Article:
The weather has not been a friend to football supporters of late. The cold snap did for a majority of matches scheduled below the Premier League, and this evening, an hour before kick-off at Anfield, there is a possibility that it might strike again, with a thick fog over Liverpool. The fog clears in time for kick-off, though a lack of clarity will turn out to be a common feature of the evening. The top of the table has the feeling of being a house built on shaky foundations. No team is in outstanding form and it feels as if, although there is more than a third of the season left to play, the questions of who will win this year’s title and which four teams will make up next year’s Champions League places doesn’t at the time of writing feel a great deal more decided than it did in August.
After eleven minutes, a cat gets on the pitch and play is held up for a couple of minutes while players stand around with that familiar, slightly befuddled expression that passes across the face of the professional footballer that isn’t a football match, a training session or the opportunity of a fight outside a night club at three o’clock in the morning. It’s one of the rare highlights of an otherwise indistinguished half. Perhaps the absence of Harry Redknapp from the Spurs dressing room has had an adverse effect on the team tonight – the aeroplane that was due to be flying north after his day in court is understood have no flown on account of technical difficulties – but Spurs look shapeless this evening and alllow dominate for long periods of play.
The good news for them is that Liverpool are limited to a few shots from distance – one, from Jay Spearing, curls narrowly wide of Brad Friedel’s left-hand post – and a Dirk Kuyt header that heads in a direction so far at odds from the direction of the goal that it might even have been a piece of performance art while, at the other end of the pitch, Spurs are limited to one shot that Pepe Reina momentarily fumbles and an attempt at a flick from Gareth Bale that is a touch too clever for its own good and ends in a comfortable catch for the goalkeeper. Half-time arrives with the score goalless and neither side really meriting much more than the ripple of applause that greets the half-time whistle. All bustle and no hustle, this has been as disjointed a forty-five minutes of football as we might see all season.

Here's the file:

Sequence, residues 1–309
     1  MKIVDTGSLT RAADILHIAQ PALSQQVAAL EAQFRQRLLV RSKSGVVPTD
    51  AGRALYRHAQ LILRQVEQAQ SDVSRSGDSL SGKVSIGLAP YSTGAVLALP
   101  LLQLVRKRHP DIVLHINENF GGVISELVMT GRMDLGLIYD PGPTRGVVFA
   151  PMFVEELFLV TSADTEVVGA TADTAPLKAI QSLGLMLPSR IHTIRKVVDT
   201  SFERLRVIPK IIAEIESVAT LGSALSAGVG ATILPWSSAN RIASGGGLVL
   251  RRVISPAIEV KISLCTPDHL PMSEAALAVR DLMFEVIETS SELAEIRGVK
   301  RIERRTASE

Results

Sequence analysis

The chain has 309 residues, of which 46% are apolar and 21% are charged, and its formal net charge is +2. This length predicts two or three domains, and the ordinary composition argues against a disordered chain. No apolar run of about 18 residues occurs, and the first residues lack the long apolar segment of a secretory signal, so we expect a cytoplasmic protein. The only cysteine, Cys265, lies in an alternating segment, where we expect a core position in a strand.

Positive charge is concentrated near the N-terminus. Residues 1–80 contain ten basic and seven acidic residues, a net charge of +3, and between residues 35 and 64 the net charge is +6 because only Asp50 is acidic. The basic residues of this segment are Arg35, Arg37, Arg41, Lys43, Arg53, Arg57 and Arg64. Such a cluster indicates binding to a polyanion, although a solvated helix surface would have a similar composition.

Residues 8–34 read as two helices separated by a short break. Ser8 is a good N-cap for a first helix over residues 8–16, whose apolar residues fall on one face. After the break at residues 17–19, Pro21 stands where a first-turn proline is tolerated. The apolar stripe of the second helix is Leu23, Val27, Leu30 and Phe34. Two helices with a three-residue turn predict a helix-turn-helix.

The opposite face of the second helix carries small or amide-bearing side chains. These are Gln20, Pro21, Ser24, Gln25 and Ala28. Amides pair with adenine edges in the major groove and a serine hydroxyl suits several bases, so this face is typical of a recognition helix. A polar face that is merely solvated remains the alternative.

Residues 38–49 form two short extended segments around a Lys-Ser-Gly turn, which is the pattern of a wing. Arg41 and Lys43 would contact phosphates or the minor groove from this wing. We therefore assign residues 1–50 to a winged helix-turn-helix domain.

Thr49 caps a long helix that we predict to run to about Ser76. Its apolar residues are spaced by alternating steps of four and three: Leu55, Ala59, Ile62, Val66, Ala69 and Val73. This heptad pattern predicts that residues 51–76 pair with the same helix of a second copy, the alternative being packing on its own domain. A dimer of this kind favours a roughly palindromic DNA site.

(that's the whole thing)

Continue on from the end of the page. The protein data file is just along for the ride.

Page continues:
Ten minutes into the second half, Gareth Bale takes a dive when faced with a tackle from Daniel Agger, pickes up a yellow card for his troubles and a little pushing and shoving finally drags the crowd to its feet. While the atmosphere improves with this, however, the standard of football doesn’t on the whole. Martin Kelly fires in shot from an angle which forces Friedel to sprawl and save, whilst Bale tries another shot from distance but wraps his foot around the ball and sends his shot a couple of yards wide. With sixty-five minutes played, though, the evening’s main event arrives with the arrival of Luis Suarez as a replacement for Drik Kuyt, and within four minutes he has earnt himself a yellow card for a reckless tackle on Scott Parker.
Suarez’s introduction, however, doesn’t really change the overall shape of the game. Liverpool continue to shade the midfield tussles, but in spite of the presence of the Uruguayan – who seems to have a vaguely unsettling effect on the Spurs defence – the golden chance goes to Spurs, when a long ball from nowhere suddenly releases Bale on the left-hand side and through on goal. Reina, however, gets his angles down to perfection, blocks the shot with his legs and the ball is hacked clear. Within a couple of minutes, Suarez has a free header, six yards from the Spurs goal, but he can’t direct his header wide of Friedel. The match, a match that neither team could in all conscience could claim to have deserved to win, finishes goalless.
This match, then completes a curate’s egg of a Premier League weekend, with wins for Newcastle United, Arsenal and Manchester City, and draws for Manchester United, Chelsea, Tottenham Hotspur and Liverpool. The race between the top two has tightened, and the performances of Arsenal and Newcastle United at the weekend can only be interpreted as proof two of the Champions League places are from assured just yet. Whether Liverpool can click back into gear with Luis Suarez back in their team is a question that only time will definitively answer. Spurs, meanwhile, are seven points off the top of the table and eight points above Newcastle United, who currently sit in fifth place in the table. It may be a while before anything decided at the top of the Premier League table this season.
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